PHOENIX — Gov. Jan Brewer is turning up the heat on state lawmakers in her push to get a temporary tax hike to balance the budget for the next three — and maybe four — years.
“I am not going to stand by and allow our education system, whether it be K through 12 or universities, be decimated because of the problem that we’re facing,’’ she said.
Brewer noted that lawmakers trimmed $580 million in spending just two months ago to bring the current budget into balance in the face of just a $1.6 billion deficit. Those cuts, she said, caused “a lot of pain’’ for many people.
She acknowledged that won’t be the end.
“There’s still going to be some more cutting,’’ the governor said. “But if we don’t get the temporary tax increase on top of that, it’s going to be very severe cutting.’’
And Brewer said that, given the state’s financial outlook for the near future, if a tax hike is not enacted “we’ll never get it turned around for years.’’
The governor took her call for higher taxes to Phoenix Rotary 100, a 95-year-old club whose members include a number of politically connected and influential business owners and managers. And she told the audience several times that if they agree with her assessment they should contact friends, neighbors — and, by extension, their legislators.
She did acknowledge for the first time Friday that the extra $1 billion a year she wants in taxes might have to last as long as four years before the state’s finances are healthy enough again to live without it. Until now, Brewer has said the additional funds might be needed for up to three years.
Brewer’s speech came one day after House and Senate Republican leaders began trying to line up votes for a budget that includes $740 million in cuts, $360 million in fund sweeps, almost $1.3 billion in federal stimulus dollars — and no new taxes.
The governor pointed out that, even after weeks of preparation, the legislative plan still falls close to $500 million short of what is needed.
Not everyone in the audience was convinced higher taxes are necessary.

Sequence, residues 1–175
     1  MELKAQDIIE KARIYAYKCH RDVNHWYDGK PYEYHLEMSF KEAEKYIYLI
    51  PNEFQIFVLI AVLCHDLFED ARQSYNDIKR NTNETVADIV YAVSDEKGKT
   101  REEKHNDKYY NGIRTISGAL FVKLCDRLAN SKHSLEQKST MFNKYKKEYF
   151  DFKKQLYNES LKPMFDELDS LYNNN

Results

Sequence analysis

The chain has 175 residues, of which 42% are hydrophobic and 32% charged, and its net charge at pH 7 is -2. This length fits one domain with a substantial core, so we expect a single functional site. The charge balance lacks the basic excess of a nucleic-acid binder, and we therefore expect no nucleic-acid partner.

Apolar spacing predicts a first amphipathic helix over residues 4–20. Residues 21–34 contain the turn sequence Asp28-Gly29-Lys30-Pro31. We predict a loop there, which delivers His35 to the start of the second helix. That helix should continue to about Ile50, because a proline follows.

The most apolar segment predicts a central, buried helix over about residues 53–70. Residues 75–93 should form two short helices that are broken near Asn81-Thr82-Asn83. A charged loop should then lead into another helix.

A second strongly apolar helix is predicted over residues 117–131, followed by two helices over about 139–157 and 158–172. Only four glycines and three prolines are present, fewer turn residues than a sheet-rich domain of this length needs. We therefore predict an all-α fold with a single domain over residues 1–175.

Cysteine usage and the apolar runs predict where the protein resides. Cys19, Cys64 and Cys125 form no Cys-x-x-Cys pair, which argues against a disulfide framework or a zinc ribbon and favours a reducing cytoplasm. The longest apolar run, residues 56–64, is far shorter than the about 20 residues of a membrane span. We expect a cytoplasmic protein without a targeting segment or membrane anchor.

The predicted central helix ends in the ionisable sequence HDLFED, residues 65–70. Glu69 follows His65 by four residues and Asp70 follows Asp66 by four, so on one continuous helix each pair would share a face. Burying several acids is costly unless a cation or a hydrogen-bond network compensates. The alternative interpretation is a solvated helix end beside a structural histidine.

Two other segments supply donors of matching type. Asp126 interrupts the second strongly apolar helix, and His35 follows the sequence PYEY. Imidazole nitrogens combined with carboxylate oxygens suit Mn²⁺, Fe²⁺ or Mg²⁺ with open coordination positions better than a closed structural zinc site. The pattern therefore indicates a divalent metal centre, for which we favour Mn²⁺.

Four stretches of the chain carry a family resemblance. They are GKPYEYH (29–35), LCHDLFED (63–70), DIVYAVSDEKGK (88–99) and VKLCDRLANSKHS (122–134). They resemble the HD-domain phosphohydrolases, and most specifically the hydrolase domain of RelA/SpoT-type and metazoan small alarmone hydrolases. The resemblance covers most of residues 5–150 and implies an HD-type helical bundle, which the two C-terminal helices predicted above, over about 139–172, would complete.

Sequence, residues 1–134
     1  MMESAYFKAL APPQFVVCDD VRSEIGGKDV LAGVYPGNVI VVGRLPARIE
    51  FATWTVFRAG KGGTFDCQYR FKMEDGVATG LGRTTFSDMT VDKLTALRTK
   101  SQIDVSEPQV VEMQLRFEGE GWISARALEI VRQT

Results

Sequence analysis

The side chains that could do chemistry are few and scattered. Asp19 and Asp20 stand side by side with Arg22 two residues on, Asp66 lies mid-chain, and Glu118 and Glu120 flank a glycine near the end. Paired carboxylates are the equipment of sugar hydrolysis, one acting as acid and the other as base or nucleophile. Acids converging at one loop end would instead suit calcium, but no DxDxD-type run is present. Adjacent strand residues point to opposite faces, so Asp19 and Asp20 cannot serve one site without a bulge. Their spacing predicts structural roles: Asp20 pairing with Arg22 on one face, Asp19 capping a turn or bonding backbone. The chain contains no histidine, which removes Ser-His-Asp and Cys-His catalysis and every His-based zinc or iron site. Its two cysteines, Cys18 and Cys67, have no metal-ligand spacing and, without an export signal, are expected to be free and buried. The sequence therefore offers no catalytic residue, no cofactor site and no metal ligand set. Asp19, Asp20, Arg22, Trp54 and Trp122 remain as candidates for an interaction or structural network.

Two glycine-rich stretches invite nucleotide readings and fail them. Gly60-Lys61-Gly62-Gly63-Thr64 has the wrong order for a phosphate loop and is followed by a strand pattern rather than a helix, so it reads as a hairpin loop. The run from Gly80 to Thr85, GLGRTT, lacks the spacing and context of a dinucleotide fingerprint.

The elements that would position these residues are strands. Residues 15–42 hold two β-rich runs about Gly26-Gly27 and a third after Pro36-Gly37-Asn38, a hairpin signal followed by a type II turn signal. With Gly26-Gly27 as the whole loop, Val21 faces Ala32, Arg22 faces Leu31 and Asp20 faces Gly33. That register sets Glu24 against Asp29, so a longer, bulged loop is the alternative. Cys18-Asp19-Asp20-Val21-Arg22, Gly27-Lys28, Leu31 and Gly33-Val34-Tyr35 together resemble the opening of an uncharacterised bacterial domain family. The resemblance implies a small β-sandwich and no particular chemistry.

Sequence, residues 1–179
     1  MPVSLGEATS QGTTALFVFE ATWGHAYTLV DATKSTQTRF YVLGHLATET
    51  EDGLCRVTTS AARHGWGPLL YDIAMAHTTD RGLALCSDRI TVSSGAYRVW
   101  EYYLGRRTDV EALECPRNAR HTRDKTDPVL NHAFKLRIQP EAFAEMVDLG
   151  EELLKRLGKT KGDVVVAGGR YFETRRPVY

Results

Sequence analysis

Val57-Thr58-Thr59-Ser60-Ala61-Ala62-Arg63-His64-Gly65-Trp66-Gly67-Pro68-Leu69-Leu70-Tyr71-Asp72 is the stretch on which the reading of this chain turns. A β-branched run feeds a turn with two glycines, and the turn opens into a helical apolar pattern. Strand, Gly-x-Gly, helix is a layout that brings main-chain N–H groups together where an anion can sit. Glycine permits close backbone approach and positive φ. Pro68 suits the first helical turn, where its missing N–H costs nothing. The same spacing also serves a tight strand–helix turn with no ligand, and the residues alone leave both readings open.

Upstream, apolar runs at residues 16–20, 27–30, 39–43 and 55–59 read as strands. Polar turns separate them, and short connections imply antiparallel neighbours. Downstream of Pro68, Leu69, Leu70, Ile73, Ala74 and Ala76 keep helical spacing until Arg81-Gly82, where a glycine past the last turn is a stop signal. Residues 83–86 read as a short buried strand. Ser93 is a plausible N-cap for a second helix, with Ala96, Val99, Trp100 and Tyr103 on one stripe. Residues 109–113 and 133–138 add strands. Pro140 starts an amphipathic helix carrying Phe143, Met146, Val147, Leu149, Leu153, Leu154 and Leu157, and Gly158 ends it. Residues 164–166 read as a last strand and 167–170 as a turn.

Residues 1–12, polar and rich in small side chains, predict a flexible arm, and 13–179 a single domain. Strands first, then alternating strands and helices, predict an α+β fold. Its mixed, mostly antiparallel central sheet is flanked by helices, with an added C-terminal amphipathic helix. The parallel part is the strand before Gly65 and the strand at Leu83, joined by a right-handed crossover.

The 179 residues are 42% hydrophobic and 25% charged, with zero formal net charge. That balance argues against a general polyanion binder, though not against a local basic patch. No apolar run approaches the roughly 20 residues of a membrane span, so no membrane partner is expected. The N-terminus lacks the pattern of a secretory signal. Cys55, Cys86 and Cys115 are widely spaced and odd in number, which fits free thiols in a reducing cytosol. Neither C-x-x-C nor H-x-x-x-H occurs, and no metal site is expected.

Former Republican gubernatorial candidate Don Goldwater said there are other options, such as checking those who apply for free care from the Arizona Health Care Cost Containment System to see if they have other insurance that might pick up the bill. And he said there are other kinds of fraud that cost the state money.
And he punctuated that by suggesting to Brewer that if she pushes ahead with her plan “you’re going to lose your base,’’ meaning the people who she needs to win next year’s gubernatorial race.
Brewer responded that she’s not trying to be popular.
“I have got to have the courage, you all have got to have the courage, to do what’s right to turn it around,’’ she told her audience. And Brewer took a slap at Goldwater and others who think they can solve the financial mess without higher taxes.
“I don’t know if you’ve got all the information,’’
“I have serve in public office, Don, for 27 years,’’ she continued. “And until I arrived at the governor’s office, did I understand that the governor had, at her fingertips or his fingertips a lot more information than was ever provided to me in the Legislature.’’
One of Brewer’s biggest hurdles could be convincing Arizonans that any tax imposed would be temporary.
One member of the audience reminded the governor that when she was in the Legislature in the early 1980s, House Speaker Burton Barr, a Republican, worked with Democratic Gov. Bruce Babbitt for what was supposed to be a “temporary’’ sales tax increase. That additional penny never went away.
Brewer said if lawmakers enact the levy themselves they can craft the law so the tax automatically disappears after a set period of time. And she said if the plan is referred to the voters as a constitutional amendment — a more likely scenario — it also would have a set self-destruct date.
“I take very seriously that ... if I say I’m looking for a temporary tax increase, that’s exactly what I mean,’’ the governor said.